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Hindsight is ‘2020’: Driving the future of liquidity management

Ten years from now, I predict that we’ll identify 2020 as the turning point for liquidity management and what could be. This year has pulled back the curtain and revealed a multitude of vulnerabilities, unexpected challenges, and previously unrevealed opportunities. We currently sit at a four-way crossroads, the intersection of legacy infrastructure, new technological capabilities, unabating globalization…and a pandemic. These four forces are now intertwined. While they do not seemingly pull us in any one direction, they may ultimately lead the way towards achieving real-time liquidity management. 

When asked about the shift in treasury management, nanopay’s Director, Liquidity Management Solutions, Ivy Luu, drew parallels between today’s crisis and the one that occurred in 2008.

“The last crisis caused a philosophical shift in how we viewed liquidity management, and brought about many of the treasury solutions we rely on today. Interestingly, today’s crisis will cause a technological shift in how we manage liquidity in our operations, giving birth to the next generation of liquidity solutions, and ultimately, a new generation of technologically savvy treasury leaders.” 

Some continue to argue that we have yet to land on a universal definition for real-time liquidity management. However, we at nanopay believe that ‘real time’ implies being able to execute on a decision as soon as one has been agreed upon. To see why the next decade could finally have us achieving true real-time liquidity, we must look at the four forces previously mentioned: 

  1. Legacy banking infrastructure

This has long been an issue, as the demands of modern business stretch beyond the capabilities of legacy infrastructure. With constant delays in banks’ promises to overhaul their core banking platforms, the issue may finally be coming to a head. One of the fundamental issues lies in batch processes, even for intercompany flows. When combined with clearing windows, these outdated processes trap corporate liquidity, and this problem grows exponentially for multinational corporations. These are good funds that should be available when and where global corporates choose, and with today’s technology, should be instantly accessible.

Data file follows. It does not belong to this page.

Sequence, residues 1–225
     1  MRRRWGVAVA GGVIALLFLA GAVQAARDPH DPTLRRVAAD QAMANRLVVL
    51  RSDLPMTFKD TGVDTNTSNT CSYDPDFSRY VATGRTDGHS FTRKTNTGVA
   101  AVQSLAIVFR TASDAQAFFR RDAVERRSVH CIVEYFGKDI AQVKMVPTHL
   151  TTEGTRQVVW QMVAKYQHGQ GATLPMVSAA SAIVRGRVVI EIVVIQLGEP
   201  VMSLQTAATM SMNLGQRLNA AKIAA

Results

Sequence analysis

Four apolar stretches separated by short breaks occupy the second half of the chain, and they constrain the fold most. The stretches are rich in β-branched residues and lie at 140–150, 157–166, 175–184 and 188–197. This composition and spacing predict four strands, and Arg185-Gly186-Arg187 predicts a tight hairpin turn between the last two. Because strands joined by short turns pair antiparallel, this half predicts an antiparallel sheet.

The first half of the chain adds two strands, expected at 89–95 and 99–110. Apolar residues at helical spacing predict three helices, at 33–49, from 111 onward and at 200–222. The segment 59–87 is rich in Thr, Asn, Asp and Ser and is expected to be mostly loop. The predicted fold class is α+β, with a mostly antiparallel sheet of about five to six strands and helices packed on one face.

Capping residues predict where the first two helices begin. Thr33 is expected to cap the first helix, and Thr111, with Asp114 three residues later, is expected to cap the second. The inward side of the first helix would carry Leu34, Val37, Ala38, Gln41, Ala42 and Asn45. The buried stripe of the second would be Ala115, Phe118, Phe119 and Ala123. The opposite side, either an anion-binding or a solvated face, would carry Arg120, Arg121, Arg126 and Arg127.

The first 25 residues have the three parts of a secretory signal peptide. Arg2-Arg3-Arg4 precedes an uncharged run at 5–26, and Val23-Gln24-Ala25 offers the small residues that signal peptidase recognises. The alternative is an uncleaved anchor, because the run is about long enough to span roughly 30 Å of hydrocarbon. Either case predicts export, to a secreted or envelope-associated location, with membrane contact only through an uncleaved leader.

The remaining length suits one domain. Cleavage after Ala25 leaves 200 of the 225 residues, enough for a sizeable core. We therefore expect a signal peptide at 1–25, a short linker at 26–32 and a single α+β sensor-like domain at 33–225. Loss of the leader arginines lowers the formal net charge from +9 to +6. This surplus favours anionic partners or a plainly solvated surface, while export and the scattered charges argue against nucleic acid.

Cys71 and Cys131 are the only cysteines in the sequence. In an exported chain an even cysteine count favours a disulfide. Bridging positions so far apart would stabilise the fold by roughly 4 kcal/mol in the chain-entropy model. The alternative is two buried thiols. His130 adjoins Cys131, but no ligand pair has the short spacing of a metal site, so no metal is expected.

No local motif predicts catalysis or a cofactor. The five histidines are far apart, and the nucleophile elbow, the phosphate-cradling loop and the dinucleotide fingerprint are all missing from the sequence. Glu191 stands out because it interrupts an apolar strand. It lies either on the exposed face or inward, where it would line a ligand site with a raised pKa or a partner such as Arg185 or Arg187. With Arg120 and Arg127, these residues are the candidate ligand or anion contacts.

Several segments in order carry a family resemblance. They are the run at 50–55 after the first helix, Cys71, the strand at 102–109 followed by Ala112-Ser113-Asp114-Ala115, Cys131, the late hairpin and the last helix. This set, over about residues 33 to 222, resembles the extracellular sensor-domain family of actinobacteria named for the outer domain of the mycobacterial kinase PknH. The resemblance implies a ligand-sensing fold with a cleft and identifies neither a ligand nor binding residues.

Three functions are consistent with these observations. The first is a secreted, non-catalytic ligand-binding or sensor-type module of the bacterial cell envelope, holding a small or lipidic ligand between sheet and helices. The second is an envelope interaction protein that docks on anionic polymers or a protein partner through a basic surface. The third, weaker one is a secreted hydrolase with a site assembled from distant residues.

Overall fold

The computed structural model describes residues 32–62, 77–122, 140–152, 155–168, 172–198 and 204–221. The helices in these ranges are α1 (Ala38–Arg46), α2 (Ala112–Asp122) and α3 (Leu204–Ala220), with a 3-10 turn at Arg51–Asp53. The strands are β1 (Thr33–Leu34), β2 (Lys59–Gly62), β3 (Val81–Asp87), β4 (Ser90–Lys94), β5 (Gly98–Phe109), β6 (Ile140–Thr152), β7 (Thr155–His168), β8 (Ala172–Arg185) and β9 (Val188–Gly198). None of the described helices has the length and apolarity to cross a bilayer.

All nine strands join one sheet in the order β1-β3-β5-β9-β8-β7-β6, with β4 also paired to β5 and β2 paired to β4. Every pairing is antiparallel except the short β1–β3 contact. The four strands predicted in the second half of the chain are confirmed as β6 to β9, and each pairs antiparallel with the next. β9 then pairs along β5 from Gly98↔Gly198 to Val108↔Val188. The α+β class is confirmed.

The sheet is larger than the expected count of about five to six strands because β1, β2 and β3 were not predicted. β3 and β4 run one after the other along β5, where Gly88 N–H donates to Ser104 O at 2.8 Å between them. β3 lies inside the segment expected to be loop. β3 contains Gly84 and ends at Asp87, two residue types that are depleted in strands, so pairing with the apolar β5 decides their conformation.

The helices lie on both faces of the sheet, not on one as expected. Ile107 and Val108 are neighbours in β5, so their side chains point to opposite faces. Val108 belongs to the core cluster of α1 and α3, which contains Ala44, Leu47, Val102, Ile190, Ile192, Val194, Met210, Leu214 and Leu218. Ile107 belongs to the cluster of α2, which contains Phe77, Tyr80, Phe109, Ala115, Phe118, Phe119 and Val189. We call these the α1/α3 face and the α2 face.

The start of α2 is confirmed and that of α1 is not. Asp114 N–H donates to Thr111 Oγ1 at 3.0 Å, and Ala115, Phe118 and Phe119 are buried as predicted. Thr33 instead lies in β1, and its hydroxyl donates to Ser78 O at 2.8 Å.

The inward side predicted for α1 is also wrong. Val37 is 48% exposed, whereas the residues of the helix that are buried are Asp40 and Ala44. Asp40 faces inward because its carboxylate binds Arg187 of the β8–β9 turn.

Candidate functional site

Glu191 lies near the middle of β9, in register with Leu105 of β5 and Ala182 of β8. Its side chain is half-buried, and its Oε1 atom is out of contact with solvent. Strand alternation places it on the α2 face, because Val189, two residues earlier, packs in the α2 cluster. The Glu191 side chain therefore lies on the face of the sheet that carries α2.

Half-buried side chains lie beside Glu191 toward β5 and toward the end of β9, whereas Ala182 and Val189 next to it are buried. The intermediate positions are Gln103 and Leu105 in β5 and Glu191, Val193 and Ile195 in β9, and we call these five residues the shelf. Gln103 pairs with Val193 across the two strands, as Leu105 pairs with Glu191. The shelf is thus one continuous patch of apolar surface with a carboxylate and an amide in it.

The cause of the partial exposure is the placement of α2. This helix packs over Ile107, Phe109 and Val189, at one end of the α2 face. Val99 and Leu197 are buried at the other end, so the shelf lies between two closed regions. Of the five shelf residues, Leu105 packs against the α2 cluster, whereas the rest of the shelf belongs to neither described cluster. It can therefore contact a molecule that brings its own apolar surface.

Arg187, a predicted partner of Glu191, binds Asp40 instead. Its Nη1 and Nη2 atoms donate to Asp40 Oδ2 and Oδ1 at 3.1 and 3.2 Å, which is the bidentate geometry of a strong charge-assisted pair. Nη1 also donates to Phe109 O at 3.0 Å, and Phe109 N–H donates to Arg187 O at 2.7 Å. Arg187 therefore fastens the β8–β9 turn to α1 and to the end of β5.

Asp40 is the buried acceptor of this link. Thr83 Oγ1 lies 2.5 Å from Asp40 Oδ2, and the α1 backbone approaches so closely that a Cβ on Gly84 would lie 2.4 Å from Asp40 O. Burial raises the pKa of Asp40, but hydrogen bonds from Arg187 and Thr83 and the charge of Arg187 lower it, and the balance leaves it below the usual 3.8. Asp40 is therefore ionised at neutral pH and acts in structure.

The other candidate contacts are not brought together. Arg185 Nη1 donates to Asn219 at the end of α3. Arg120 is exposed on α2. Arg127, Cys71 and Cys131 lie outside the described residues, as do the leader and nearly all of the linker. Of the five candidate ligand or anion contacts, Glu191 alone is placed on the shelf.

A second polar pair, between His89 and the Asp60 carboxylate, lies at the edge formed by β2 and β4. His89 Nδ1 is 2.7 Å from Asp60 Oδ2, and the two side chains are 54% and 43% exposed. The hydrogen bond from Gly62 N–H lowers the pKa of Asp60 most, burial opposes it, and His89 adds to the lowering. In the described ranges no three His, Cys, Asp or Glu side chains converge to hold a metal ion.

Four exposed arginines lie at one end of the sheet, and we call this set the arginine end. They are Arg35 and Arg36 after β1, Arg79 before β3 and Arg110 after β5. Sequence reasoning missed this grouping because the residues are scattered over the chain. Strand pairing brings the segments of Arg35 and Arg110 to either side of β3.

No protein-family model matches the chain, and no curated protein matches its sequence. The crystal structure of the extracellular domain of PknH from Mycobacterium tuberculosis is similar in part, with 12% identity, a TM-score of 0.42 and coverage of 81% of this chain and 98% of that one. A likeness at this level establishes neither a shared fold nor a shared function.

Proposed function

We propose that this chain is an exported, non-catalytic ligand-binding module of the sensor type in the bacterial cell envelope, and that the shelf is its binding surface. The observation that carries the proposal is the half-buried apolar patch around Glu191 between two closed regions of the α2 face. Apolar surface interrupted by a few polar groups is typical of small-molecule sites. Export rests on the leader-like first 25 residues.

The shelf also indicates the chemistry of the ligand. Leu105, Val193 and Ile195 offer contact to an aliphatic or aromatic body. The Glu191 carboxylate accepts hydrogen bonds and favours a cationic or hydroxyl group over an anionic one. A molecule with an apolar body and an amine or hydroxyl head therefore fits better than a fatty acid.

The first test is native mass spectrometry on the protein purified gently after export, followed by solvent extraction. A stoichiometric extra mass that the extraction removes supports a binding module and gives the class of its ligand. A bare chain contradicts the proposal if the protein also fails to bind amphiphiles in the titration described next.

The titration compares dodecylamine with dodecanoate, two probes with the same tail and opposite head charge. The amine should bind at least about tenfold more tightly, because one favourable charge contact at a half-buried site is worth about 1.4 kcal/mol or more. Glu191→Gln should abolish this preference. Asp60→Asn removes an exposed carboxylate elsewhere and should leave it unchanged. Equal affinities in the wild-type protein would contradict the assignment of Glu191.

1. Unabating globalization

Many multinational corporations have complex operations, which include thousands of bank accounts in dozens of currencies, hundreds of employees working in receivables, finance, or treasury departments, and cumbersome processes in place to manage liquidity. In the case of liquidity management, operational complexity is exacerbated by legacy infrastructure, as it cannot be directly addressed by the corporations themselves, who continue to be heavily reliant on their banking partners to help manage their global network of accounts.

The current banking system was not built for globalization, hence the continued use of correspondent banking, end-of-day liquidity sweeps, and disjointed reporting mechanisms. Technology today can offer so much more to global businesses, and expectations have finally begun to rise. 

  1. New technological capabilities